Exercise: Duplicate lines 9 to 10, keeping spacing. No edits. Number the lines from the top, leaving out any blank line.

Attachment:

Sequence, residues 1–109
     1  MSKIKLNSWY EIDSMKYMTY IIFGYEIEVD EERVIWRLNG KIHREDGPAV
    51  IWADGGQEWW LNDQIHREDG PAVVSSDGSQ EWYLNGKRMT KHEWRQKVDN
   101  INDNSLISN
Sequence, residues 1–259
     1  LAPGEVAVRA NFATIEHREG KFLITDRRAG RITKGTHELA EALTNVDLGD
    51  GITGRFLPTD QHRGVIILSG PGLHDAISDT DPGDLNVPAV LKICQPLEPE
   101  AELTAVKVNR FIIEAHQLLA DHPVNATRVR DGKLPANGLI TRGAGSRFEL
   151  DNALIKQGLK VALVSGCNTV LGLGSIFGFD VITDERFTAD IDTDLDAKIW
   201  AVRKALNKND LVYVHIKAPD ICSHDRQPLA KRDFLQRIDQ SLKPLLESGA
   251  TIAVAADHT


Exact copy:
   151  DNALIKQGLK VALVSGCNTV LGLGSIFGFD VITDERFTAD IDTDLDAKIW
   201  AVRKALNKND LVYVHIKAPD ICSHDRQPLA KRDFLQRIDQ SLKPLLESGA